The Gift of Food - Unique Gifter

The Gift of Food

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The Gift of Food

Do you like to eat?  Oh really?  Me too!  I know that I have mentioned food making a fantastic gift before, in the form of a CSA box or a Stock the Pantry Shower.  This idea is similar and one that came from several different sources.  Edward Antrobus is a big fan of groceries and food as a gift.  I was reading an article over at Man vs. Debt and one of the commenters mentioned that one of her favourite gifts was a big selection of her favourite foods that her mother made.  Now, that seems really quite reasonable and straightforward to do.  I suspect many of you have heard that this is a very desirable gift for new babies, especially if it’s the second child!  It is also a very common and appreciated gift for those who are sick or have just had surgery.  Know someone who is off at college and needs a gift?  Food wins hearts!

An extra bonus about food?  It can be so very simple to give.  There is a whole industry dedicated to giving fantastic food and fruit gift baskets, all from a few clicks or a quick phone call.  Virtually all of these companies deliver, too.  Three minutes and you should be able to send off an awesome gift basket, complete with nutritious or not so nutritious food choices.  Done and done (and awesome!)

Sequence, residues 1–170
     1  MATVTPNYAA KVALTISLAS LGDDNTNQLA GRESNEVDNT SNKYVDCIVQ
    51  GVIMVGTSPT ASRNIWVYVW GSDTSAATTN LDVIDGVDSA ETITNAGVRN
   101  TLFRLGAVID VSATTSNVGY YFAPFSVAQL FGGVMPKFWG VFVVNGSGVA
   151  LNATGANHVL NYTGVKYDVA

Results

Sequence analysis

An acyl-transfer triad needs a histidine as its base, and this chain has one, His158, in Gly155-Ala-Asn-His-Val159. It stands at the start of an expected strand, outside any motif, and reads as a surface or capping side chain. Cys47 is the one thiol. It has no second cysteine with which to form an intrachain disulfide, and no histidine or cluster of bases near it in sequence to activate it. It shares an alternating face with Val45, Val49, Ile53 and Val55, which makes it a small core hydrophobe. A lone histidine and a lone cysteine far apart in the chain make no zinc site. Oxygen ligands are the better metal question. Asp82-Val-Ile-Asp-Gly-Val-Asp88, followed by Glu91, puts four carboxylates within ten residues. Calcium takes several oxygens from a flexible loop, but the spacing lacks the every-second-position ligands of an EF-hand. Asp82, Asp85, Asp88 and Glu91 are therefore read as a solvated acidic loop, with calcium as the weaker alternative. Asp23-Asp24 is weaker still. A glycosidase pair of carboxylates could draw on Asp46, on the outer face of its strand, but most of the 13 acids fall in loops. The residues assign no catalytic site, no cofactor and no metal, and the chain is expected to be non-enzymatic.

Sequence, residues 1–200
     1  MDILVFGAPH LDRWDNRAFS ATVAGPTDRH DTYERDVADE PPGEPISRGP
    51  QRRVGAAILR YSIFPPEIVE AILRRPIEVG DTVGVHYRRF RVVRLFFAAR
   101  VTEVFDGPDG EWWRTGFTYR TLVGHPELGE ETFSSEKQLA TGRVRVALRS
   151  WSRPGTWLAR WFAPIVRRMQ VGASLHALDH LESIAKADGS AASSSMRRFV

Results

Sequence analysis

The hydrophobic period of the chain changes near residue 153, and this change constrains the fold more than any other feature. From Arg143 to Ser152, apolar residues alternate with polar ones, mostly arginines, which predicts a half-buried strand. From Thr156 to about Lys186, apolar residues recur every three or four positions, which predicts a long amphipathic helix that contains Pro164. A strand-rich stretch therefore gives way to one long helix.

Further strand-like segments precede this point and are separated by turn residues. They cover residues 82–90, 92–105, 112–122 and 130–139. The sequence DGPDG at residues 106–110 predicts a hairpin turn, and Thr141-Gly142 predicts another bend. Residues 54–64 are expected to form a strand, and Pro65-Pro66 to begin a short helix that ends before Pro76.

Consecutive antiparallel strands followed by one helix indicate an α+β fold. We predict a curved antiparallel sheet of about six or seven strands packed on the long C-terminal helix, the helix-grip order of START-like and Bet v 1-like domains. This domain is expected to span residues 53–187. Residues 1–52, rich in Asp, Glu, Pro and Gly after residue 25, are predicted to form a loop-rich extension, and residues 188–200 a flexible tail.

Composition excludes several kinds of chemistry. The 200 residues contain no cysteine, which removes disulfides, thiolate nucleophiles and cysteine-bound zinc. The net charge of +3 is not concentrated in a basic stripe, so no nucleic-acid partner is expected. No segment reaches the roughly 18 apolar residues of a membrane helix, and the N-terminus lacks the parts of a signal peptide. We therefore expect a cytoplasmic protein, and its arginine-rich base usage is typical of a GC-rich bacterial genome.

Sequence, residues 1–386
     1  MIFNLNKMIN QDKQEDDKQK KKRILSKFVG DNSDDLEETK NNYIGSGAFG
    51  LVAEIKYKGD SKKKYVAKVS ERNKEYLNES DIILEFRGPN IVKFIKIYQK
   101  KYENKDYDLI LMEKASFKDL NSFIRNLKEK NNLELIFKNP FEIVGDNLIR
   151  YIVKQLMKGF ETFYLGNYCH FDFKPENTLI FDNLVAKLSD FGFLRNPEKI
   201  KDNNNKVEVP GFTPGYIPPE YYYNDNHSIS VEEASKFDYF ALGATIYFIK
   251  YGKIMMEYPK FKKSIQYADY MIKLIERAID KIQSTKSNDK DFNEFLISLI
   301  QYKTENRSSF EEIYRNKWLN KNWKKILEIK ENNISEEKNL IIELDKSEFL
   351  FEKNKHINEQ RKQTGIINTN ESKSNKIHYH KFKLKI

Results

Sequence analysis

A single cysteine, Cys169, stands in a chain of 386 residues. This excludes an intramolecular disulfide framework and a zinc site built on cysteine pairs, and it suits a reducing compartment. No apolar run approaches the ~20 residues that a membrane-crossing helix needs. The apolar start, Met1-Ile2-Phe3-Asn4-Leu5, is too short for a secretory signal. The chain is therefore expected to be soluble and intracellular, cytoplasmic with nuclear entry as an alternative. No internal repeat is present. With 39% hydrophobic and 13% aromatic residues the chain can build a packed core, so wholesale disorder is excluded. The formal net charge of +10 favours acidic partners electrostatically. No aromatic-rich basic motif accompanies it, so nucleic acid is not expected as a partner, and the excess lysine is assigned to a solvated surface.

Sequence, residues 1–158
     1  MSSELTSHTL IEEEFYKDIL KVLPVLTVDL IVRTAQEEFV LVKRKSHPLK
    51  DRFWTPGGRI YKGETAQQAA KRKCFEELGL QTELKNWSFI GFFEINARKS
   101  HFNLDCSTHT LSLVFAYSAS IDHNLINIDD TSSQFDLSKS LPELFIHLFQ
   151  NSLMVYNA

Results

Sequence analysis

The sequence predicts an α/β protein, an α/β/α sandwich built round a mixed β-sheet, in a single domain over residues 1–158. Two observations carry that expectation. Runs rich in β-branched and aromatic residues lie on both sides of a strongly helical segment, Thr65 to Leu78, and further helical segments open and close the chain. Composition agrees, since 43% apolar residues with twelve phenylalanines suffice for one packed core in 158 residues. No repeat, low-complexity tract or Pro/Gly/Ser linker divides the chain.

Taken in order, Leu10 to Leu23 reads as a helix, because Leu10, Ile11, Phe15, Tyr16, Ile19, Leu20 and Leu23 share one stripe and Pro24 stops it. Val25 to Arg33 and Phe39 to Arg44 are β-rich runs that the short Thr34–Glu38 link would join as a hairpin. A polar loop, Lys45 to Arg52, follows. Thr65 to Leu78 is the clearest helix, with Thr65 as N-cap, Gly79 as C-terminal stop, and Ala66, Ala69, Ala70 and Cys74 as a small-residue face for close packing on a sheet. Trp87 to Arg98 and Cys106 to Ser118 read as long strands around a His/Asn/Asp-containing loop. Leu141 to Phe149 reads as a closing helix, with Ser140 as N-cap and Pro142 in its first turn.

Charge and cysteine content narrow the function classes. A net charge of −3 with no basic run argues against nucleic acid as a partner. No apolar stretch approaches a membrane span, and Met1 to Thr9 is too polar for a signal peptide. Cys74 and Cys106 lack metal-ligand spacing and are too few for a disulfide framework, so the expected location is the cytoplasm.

For a great idea, that the writer has dubbed the “Taco Box” head over to The Kitchn!

So – you’ve decided that good food is the way to go as a wedding gift, now you want to know how best to go about it?

A Food Gift

#1 – Check with your recipient about any allergies or dislikes!  Next, you can ask them about their favourite foods.

#2 – Figure out if you will be freezing, prepping fresh or providing all dry ingredients.  This question raises two logistical concerns.  Do they have sufficient freezer space?  When will you deliver the food?

#3 – Cook up a storm!